This page chronicles the year that "modern" steam locomotive classes first appeared on the Pennsy, starting in 1900.

Going back before 1900, the results are really convoluted and inconsistent due to the PRR's absorption of subsidiary line's locomotives.

Disclaimer: This list may not take into account all rebuilds.

Models in bold are represented in the author's collection.

The Pennsylvania Railroad invested in diesel locomotives from all major manufacturers until EMD finally "won out" in the first generation diesel wars.

What follows is a timeline of diesel locomotive purchases by brand.

Models in bold are represented in the author's collection.

Unknown

Lima-Hamilton LT-2500, Class LS25 / LS25m

The Lima-Hamilton 2500 horsepower Transfer locomotive (sometimes referred to by its Specification Number, A-3177 or the railfan designation LT-2500) was a diesel-electric transfer-unit locomotive, built by the Lima Locomotive Works between 1950 and 1951. The LT-2500 was the final locomotive model produced by Lima-Hamilton before the company merged with the Baldwin Locomotive Works in 1951.

All twenty-two units were purchased by the Pennsylvania Railroad.

Road Numbers Qty Class Delivery HO Scale Models
5671-5683 13 LS25 5-7/50  
8943-8951 9 LS25m 5-9/51  
        Custom Brass

 

GE U25B

GE U25B, Class GF25

The GE U25B was General Electric's first independent entry into the United States domestic road switcher diesel-electric locomotive railroad market for heavy production road locomotives since 1936. From 1940 through 1953, GE participated in a design, production, and marketing consortium (Alco-GE) for diesel-electric locomotives with the American Locomotive Company. In 1956 the GE Universal Series of diesel locomotives was founded for the export market. The U25B was the first attempt at the domestic market since its termination of the consortium agreement with Alco.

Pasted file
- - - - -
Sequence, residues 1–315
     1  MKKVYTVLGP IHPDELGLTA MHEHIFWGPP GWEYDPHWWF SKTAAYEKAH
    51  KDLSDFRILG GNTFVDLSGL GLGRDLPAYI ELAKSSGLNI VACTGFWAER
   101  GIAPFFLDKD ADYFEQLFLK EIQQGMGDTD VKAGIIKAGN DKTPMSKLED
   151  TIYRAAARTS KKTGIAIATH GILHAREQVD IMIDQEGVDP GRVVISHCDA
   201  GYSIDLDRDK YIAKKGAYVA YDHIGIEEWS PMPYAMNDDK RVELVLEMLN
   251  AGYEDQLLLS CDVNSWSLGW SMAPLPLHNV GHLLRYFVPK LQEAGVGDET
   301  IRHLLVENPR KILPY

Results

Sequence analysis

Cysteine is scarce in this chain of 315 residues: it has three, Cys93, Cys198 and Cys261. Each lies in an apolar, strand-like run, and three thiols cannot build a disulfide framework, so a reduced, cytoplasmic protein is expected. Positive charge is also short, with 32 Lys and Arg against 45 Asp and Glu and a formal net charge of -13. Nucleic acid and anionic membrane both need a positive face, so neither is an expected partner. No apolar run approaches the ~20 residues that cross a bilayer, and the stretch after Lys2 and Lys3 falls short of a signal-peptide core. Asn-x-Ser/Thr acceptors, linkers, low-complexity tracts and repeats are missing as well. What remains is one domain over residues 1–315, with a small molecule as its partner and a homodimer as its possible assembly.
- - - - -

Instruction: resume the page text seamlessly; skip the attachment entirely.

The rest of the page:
Gern

What commodities and types of rail cars frequent industries on the model railroad?

Herein is my work-in-progress / never ending scratch pad of thoughts!

Part NumberDescription/PhotoComment
Branchline
HO Scale #5020-5022
Pullman 8-1-2 Sleeper, Plan 3979/3979A - Post War (kit)BL 5020 Correct
Branchline
HO Scale #5207-09
Pullman 10-1-2 Sleeper, Plan 3585/3585A - Post War (kit)BL 5207 Correct
Branchline
HO Scale #5304-06
Pullman 12-1 Sleeper, Plan 3410/3410A - Post War (kit)BL 5305 Correct
Branchline
HO Scale #5355-57
Pullman 12-1 Sleeper, Plan 3410/3410A - "Fleet of Modernism" (kit)BL 5355 Correct
Branchline
HO Scale #5431-33
Pullman 14 Section Sleeper, Plan 3958/3958A - Post War (kit)BL 5431 Correct
Branchline
HO Scale #5530
Pullman 10-1-1 Sleeper, Plan 3973/3973A - Post War (kit) Correct
Branchline
HO Scale #5611-13
Pullman 6-3 Sleeper, Plan 3523/3523A - Post War (kit)BL 5611 Correct
Branchline
HO Scale #15313-16
Pullman 12-1 Sleeper, Plan 3410/3410A - 1947 Scheme Tuscan Red with Gold Stripes, "Pullman" BL 15314 Correct
Branchline
HO Scale #15313-16
Pullman 12-1 Sleeper, Plan 3410/3410A - 1948-53 Scheme Tuscan Red with Gold Stripes, "Pennsylvania" Correct
Branchline
HO Scale #15321-24
Pullman 12-1 Sleeper, Plan 3410/3410A - 1943-68 Scheme Tuscan Red with Buff Stripes, "Pennsylvania"BL 15321 Correct